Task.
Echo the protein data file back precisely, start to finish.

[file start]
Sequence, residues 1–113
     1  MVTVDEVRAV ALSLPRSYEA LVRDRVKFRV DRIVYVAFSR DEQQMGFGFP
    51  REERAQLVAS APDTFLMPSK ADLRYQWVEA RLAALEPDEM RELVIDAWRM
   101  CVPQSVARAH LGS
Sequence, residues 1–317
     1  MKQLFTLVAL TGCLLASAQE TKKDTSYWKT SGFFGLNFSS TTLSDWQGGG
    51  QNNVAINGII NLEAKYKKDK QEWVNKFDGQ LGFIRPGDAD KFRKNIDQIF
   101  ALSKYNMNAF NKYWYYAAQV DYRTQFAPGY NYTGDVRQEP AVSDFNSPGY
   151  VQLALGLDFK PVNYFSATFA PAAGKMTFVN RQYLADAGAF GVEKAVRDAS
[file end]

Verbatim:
Sequence, residues 1–113
     1  MVTVDEVRAV ALSLPRSYEA LVRDRVKFRV DRIVYVAFSR DEQQMGFGFP
    51  REERAQLVAS APDTFLMPSK ADLRYQWVEA RLAALEPDEM RELVIDAWRM
   101  CVPQSVARAH LGS
Sequence, residues 1–317
     1  MKQLFTLVAL TGCLLASAQE TKKDTSYWKT SGFFGLNFSS TTLSDWQGGG
    51  QNNVAINGII NLEAKYKKDK QEWVNKFDGQ LGFIRPGDAD KFRKNIDQIF
   101  ALSKYNMNAF NKYWYYAAQV DYRTQFAPGY NYTGDVRQEP AVSDFNSPGY
   151  VQLALGLDFK PVNYFSATFA PAAGKMTFVN RQYLADAGAF GVEKAVRDAS